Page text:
Observers listed Food Lion; Kroger, Cincinnati; Harris-Teeter, Matthews, N.C.; Lowe's Foods, Hickory, N.C.; and Bi-Lo, Greenville, S.C. among those likely to have interest in the sites for sale.
Keene, N.H.-based C&S Wholesale Grocers, which earlier this year purchased former Bi-Lo and Bruno's stores to be operated under its newly created Southern Family Markets division, may also be player, Mark Gross, president of Southern Family, suggested in an interview with SN last month. Gross said the 104-store Bi-Lo purchase would provide a platform for growing retail customers in the Southeast states.
According to Wolf, Wal-Mart is a "wild card" in that it could use former Winn-Dixie stores to accelerate rollout of its Neighborhood Market retail stores. "They're the only company with 100% overlap in the areas Winn-Dixie is leaving," he said.
Kroger last year acquired eight former Thriftway stores in Cincinnati shed during Winn-Dixie's last round of closures and would be a strong candidate to pick up stores in its current operating regions in the Carolinas and Atlanta, Chuck Cerankosky, an analyst for KeyBanc Capital Markets, Cleveland, told SN.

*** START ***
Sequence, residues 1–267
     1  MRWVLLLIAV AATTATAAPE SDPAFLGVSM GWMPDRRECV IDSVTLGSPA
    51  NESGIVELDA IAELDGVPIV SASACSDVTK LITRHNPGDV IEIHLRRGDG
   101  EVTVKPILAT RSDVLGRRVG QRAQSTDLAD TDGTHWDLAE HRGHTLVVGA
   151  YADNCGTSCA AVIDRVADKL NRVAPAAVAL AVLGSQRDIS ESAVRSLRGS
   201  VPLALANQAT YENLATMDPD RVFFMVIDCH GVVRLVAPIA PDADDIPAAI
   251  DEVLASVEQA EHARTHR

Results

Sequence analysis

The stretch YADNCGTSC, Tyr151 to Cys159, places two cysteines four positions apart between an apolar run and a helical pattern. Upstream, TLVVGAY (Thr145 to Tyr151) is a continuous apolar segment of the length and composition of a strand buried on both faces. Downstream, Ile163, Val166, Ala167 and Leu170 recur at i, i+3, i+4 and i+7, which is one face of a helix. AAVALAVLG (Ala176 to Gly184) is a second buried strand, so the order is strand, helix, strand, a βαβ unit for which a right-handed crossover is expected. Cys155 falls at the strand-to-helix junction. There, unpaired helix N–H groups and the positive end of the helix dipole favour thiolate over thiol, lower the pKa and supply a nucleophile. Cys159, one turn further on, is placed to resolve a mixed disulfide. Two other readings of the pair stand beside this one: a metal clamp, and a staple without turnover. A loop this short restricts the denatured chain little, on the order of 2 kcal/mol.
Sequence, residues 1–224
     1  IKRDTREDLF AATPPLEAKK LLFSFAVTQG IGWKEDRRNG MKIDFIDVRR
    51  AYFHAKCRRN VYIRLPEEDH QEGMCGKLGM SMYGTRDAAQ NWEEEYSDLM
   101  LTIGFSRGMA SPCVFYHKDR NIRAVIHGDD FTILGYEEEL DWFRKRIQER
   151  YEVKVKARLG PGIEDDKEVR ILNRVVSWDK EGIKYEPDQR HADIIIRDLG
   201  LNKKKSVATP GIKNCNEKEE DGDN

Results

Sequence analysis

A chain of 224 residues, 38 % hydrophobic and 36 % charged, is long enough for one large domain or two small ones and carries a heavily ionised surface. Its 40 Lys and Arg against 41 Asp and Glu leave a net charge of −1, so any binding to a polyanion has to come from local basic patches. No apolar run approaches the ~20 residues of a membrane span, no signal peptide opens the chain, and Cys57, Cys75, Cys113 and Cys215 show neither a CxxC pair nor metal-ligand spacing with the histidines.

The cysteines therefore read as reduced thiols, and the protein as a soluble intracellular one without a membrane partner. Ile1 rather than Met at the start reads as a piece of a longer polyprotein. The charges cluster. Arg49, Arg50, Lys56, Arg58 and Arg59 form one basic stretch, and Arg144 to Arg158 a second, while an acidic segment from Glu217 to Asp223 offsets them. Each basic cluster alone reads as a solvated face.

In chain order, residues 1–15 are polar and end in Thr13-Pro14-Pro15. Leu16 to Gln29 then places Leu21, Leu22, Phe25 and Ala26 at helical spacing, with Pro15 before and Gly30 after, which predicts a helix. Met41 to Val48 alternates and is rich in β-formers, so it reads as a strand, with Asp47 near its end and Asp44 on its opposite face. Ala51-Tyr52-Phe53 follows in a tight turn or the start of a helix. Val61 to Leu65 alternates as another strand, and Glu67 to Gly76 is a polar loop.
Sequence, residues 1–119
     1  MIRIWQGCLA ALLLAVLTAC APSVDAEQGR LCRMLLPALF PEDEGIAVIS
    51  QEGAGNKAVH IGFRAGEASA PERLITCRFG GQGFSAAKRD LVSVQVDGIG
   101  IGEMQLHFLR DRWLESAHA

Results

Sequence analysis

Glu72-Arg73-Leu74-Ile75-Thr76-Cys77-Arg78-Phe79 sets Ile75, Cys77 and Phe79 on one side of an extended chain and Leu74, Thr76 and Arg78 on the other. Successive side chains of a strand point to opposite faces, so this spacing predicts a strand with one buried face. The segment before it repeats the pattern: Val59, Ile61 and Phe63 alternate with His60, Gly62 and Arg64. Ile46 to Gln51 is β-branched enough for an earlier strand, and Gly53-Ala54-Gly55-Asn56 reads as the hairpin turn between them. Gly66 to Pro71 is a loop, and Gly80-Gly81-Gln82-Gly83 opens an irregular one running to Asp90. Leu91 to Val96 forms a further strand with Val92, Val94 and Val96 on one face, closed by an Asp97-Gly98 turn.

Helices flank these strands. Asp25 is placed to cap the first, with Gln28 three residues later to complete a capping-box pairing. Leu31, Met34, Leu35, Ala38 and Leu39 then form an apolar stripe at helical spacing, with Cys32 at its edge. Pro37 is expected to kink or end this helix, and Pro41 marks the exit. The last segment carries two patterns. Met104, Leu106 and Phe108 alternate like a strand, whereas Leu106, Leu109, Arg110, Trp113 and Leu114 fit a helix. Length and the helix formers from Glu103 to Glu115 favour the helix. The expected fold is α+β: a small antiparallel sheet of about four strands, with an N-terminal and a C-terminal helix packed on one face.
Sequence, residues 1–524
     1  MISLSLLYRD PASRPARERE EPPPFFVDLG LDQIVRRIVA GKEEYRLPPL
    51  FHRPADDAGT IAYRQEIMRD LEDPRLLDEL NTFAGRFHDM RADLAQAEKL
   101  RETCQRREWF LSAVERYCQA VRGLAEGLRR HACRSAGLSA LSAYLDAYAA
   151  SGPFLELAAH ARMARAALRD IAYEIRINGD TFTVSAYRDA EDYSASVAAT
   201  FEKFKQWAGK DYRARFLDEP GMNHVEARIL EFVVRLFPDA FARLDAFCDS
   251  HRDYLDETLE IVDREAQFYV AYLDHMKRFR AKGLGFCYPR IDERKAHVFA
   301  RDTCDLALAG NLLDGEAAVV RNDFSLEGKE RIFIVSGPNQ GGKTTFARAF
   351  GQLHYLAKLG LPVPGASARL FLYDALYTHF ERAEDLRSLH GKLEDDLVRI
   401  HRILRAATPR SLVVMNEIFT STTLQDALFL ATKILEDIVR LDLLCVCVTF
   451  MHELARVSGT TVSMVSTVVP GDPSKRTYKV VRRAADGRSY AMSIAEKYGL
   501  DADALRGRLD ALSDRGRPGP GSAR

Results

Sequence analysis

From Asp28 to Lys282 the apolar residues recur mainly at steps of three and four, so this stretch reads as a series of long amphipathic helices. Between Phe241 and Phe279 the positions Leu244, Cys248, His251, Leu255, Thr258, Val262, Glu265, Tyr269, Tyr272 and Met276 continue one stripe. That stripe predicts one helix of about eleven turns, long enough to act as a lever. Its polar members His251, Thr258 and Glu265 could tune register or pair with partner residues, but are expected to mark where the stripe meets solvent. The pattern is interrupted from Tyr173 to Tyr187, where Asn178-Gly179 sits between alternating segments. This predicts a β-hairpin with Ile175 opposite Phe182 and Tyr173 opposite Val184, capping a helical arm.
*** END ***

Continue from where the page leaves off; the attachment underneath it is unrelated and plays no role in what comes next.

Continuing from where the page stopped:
"Kroger has seen outstanding returns when they have been able to buy select stores where they have a strong presence already," Cerankosky said. "So I would expect them and others to explore this as a good opportunity.
"That said, I don't see this as a situation where Winn-Dixie gets proceeds based on multiples of [store earnings]. I think we'll see onesies and twosies or distressed real estate divestitures."
A Kroger spokesman declined comment on potential acquisitions, as did Alex Lee, the parent of Lowe's. Joyce Smart, a spokeswoman for Bi-Lo, told SN "We are always looking for growth opportunities, but it is our policy not to comment on specific plans until they are finalized."
Winn-Dixie also said last week that it lost $34 million on sales of $755 million during the four-week period that ended June 1. Gross profit as a percent of sales was 23%.